When deciding on labeling, you must consider a number of factors. How you are going to use the label, the type of printer and ribbon you will use to print your labels, and the environment in which the label will be used all influence the type of label that you’ll need.
For example, a label used in an electronics assembly line will need to be made of different durable materials than a label used in a warehouse on a shipping pallet. In some assembly processes, the label may come in contact with chemicals or solvents that can erode the print on the label, damage the label material, or weaken the adhesives. Or the label might need to withstand abrasions during manufacturing or shipping and you might need an over-laminate to protect the label.
Other environments might require labels that can go from ambient to freezing temperatures. In this case, you’ll need to consider the temperature at which the label is applied and if the adhesive can adhere to packages that may have condensation on them at some point in processing.
The surface on which the label is applied also influences the adhesives and material. Will the label be applied to a metal, plastic, or paper surface? Will the label be applied by hand or auto-applied by a machine? Will the label need to be removed or will it remain permanently affixed? Again, your label must match the surface and the method of application so that it won’t rip, fall off, or become unreadable. After all, what good is a label if it becomes mangled during its expected lifetime of use.
Some of your label decisions will depend on the printer used to print the label. For example, a laser printer will print better on paper than on glossy material. A thermal transfer printer will require that you use the right type of paper and ribbon to prevent bar codes and text from smudging. Labels are packaged in a variety of formats – a roll, fan fold, or piece format – so your printer must be able to accommodate the format. For example, if your labels come on a roll, how large a roll can fit in your printer?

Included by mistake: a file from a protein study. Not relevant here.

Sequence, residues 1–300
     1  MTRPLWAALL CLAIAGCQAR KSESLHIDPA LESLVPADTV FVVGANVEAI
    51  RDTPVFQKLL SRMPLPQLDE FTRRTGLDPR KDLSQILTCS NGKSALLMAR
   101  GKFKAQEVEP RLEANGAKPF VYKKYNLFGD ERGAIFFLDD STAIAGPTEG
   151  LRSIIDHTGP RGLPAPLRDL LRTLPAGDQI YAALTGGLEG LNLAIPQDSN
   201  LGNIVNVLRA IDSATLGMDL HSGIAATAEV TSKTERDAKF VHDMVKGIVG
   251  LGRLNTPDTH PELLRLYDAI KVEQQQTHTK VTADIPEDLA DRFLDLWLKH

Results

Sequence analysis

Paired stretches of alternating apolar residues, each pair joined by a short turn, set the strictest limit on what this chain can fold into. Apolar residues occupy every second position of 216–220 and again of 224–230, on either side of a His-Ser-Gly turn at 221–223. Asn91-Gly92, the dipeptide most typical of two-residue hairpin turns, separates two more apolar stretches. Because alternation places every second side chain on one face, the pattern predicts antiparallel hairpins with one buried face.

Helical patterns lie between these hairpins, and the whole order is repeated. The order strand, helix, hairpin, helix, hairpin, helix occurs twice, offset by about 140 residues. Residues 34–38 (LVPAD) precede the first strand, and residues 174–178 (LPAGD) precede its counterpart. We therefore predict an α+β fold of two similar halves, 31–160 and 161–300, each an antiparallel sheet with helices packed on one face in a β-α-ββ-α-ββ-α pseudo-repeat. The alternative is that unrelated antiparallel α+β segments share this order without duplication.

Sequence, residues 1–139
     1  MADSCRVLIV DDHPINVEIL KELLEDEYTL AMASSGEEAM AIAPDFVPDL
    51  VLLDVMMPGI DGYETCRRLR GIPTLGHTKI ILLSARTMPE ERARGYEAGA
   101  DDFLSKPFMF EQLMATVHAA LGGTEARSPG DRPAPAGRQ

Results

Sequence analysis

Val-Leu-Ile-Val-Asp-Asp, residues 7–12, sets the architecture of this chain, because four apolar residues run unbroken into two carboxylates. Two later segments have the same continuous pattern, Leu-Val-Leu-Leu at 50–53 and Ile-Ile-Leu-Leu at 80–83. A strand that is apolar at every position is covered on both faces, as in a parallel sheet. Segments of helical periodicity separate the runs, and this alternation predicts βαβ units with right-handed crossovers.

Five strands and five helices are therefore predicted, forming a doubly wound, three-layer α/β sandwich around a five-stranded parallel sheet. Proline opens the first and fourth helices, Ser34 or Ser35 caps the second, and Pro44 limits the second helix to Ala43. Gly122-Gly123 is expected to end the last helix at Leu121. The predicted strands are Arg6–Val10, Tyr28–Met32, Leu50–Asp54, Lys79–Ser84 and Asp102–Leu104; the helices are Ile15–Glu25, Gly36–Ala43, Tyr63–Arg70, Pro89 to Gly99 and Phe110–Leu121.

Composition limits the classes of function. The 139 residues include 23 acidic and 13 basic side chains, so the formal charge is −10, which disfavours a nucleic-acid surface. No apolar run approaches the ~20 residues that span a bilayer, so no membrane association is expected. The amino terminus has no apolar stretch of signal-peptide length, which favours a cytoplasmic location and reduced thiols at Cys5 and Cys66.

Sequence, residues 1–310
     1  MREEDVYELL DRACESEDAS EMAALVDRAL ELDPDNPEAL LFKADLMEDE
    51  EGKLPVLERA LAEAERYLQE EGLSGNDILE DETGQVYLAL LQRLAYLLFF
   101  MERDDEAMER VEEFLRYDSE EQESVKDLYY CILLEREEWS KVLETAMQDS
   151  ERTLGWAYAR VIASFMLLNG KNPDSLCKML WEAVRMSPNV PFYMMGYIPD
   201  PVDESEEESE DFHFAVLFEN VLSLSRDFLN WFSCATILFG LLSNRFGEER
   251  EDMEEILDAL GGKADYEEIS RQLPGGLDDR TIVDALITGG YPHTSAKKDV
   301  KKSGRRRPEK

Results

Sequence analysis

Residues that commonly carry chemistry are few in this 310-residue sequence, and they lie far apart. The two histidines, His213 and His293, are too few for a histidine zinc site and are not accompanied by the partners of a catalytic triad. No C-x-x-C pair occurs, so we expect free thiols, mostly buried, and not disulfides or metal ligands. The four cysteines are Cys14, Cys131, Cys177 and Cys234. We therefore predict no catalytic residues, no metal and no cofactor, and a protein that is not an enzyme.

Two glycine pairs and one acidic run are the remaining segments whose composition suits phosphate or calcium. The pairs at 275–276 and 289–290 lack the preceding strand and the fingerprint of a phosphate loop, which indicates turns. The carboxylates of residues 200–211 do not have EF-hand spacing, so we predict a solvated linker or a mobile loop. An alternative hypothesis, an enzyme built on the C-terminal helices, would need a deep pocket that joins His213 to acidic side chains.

You might have a special UL or Mil Spec requirement for your labeling, and you’ll need to show that your labels comply with these regulations. You may require a specific layout of labels on the label liner, such as side-by-side labels or with a specific distance between labels, so that your label software will print your labels correctly. Perhaps you want your logo or color or text pre printed on your label too.
Don’t forget about label volume. Consider the number of labels you use and do a simple “make or buy” analysis. It might be less expensive to let us do the printing for you.
With so many factors to consider, it’s clear that choosing a label that performs as expected is more involved than you thought. That’s where we can help. We are experts on labeling solutions and can give you advice on creating a new label, or improving an existing one. So if you are having problems with your label or are looking for a new label solution, give us a call and we can help you design the label that is just right for the job.